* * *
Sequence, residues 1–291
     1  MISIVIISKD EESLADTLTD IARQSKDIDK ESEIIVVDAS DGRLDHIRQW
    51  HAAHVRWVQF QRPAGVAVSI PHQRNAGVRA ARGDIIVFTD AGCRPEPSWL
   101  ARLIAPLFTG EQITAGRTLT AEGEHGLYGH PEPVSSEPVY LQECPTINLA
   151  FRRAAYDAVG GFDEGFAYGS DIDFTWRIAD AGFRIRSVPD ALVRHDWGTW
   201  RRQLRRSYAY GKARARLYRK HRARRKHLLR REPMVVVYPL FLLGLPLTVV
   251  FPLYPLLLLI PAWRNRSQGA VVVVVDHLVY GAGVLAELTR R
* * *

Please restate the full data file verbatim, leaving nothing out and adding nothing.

Sequence, residues 1–291
     1  MISIVIISKD EESLADTLTD IARQSKDIDK ESEIIVVDAS DGRLDHIRQW
    51  HAAHVRWVQF QRPAGVAVSI PHQRNAGVRA ARGDIIVFTD AGCRPEPSWL
   101  ARLIAPLFTG EQITAGRTLT AEGEHGLYGH PEPVSSEPVY LQECPTINLA
   151  FRRAAYDAVG GFDEGFAYGS DIDFTWRIAD AGFRIRSVPD ALVRHDWGTW
   201  RRQLRRSYAY GKARARLYRK HRARRKHLLR REPMVVVYPL FLLGLPLTVV
   251  FPLYPLLLLI PAWRNRSQGA VVVVVDHLVY GAGVLAELTR R